“The bottom line is it’s hard work trying to make sure you are not pigeonholed though.
“However, Giles in Buffy was a wonderful step as I’d always been a young romantic lead and he was a real character role. It gave me an ‘in’ to a completely new world. I knew it was going to be good because the writing was so brilliant but I don’t think any of us realised how huge it would be. We had a great time with it.”
And he says he’d do the coffee ad again. “It changed my life - and the face of advertising - so yes, I’ve been very lucky.”




Love In Idleness is on at the Apollo Theatre until July 1. Tickets from £20. Visit www.nimaxtheatres.com/apollo-theatre/love_in_idleness/ for full listings.

Friday, 24 March 2017

FIVE STAR REVIEW - Love In Idleness at the Menier Chocolate Factory

FIVE STARS

A young man, with socialist principles, comes back from living in Canada for four years only to find his widowed mother living rent free with a millionaire who is still not quite divorced from his much younger wife.
And so begins Terrence Rattigan’s play Love In Idleness which is currently being staged at the Menier Chocolate Factory and directed by Trevor Nunn.
It is hilariously funny from the off with the characters leading a merry dance around the subjects of love, passion, politics, ideology and loyalty.
Set in the latter stages of the Second World War, Olivia Brown is vivacious, charismatic, dippy and ditzy and has been a widow for two years. After her husband dies she falls for Sir John Fletcher, a man with more money than he knows what to do with and who despite being a business man with no political experience, has found himself a member of Churchill’s war cabinet in charge of tanks.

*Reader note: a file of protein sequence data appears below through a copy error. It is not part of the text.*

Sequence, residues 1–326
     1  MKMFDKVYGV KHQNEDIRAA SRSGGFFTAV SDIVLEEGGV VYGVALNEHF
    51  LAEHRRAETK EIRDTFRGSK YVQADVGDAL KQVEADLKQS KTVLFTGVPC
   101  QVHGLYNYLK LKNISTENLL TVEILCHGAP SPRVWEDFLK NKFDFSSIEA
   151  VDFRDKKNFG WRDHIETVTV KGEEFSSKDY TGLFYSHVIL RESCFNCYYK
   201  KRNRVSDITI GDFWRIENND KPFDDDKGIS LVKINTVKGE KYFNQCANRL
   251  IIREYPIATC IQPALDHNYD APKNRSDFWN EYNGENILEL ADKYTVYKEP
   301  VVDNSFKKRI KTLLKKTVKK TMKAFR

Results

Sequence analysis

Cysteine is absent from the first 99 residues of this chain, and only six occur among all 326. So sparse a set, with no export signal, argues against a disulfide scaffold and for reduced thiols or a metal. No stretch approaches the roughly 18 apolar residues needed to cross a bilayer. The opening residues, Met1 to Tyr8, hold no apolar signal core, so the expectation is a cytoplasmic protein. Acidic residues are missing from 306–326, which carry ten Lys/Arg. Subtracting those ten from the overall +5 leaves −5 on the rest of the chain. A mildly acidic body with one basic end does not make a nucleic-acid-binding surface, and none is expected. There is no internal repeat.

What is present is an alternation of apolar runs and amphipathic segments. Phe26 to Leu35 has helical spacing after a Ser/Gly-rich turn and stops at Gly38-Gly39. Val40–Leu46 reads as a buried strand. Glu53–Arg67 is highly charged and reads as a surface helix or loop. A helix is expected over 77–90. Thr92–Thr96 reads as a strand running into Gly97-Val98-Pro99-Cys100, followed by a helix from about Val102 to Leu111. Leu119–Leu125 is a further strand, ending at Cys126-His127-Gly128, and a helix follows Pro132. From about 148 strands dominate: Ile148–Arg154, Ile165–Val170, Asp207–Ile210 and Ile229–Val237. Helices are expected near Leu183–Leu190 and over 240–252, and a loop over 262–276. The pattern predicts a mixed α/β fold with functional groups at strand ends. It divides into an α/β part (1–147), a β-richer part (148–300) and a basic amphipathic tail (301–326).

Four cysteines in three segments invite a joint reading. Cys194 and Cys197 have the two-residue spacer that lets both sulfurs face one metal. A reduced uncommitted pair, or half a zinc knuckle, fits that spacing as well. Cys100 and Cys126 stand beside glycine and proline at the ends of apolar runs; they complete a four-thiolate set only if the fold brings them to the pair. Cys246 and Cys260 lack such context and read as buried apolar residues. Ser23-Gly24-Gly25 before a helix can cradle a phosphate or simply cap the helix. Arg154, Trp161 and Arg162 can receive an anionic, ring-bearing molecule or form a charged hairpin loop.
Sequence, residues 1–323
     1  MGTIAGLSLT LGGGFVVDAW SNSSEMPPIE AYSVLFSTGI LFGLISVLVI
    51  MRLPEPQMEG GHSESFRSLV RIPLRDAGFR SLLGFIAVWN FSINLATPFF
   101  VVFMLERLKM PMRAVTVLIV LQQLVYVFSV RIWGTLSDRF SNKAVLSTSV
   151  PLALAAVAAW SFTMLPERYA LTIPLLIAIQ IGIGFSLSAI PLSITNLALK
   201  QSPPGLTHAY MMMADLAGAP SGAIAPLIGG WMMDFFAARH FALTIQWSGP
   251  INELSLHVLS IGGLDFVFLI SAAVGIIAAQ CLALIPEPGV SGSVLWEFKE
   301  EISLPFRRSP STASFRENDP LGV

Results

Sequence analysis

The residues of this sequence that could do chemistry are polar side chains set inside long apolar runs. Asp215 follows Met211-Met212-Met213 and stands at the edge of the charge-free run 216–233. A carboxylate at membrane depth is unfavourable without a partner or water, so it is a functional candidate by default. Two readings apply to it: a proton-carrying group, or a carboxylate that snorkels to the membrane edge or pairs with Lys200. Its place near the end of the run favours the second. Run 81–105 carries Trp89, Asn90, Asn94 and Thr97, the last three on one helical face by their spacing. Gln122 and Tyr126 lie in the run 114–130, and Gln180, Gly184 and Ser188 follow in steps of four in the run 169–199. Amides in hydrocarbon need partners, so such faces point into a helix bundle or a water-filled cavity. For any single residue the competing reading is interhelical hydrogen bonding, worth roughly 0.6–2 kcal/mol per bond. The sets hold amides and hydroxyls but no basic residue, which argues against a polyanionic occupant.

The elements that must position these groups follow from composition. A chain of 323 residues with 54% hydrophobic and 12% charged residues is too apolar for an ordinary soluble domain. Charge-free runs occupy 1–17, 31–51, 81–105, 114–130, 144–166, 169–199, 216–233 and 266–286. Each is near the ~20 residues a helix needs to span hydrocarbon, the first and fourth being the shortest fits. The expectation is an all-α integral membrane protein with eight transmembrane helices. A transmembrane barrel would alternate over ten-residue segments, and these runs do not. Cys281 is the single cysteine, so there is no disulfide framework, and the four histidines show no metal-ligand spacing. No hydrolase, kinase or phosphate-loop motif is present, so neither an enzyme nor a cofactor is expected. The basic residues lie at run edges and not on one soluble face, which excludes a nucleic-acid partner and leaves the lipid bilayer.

He is as besotted with her as she is with him but because of his job he cannot divorce his wife. 
Her son Michael comes back from Canada and takes an instant dislike to Sir John and eventually, after much conniving and mischief making, forces his mother to make a choice - him or Sir John.
Torn between the two and with distinct references to both Hamlet and Oedipus, she chooses her son over her lover.
It is directed with panache by Nunn and thanks to a stellar cast this staging of the play works really well. 
Anthony Head as Sir John is terrific, showing off a quiet but steely determination to keep his love, as is Edward Bluemel, fresh from starring in The Halcyon, as Olivia’s sulky, petulant and firebrand son Michael.
But it is Eve Best as Olivia who dazzles her way through the production. She positively bursts with energy and is a delight to watch, capturing Olivia’s ditziness perfectly as well as her dilemma at having to choose between son and lover - particularly when her son has given her such a horrid choice. She lights up the stage whenever she is on, which happily is most of the time.

Love In Idleness is on at the Menier Chocolate Factory, Southwark Street until April 29. Visit www.menierchocolatefactory.com for full listings.

Saturday, 11 March 2017

INTERVIEW Paul McGann

It’s 30 years since Paul McGann made a name for himself in the classic cult film Withnail & I. Now he’s about to embark on his first UK theatre tour playing German Major Von Pfunz in Gabriel. I caught up with him for a chat.

Paul McGann needs no introduction. He’s the man whose portrayal of the eponymous I in the cult classic Withnail & I propelled him to stardom. That was 30 years ago and in the years since his career has gone from strength to strength and he’s become a household name in the process. Indeed his CV is as impressive as it gets showing his versatility as an actor with performances on both stage and screen including in Hornblower and Luther and of course playing the eighth incarnation of the Doctor in Doctor Who.
But he’s never done a UK theatre tour - that is until now. For next month the 57-year-old actor is to pack his bags for an eight-week stint in Moira Buffini’s acclaimed play Gabriel which this year celebrates its 20th anniversary.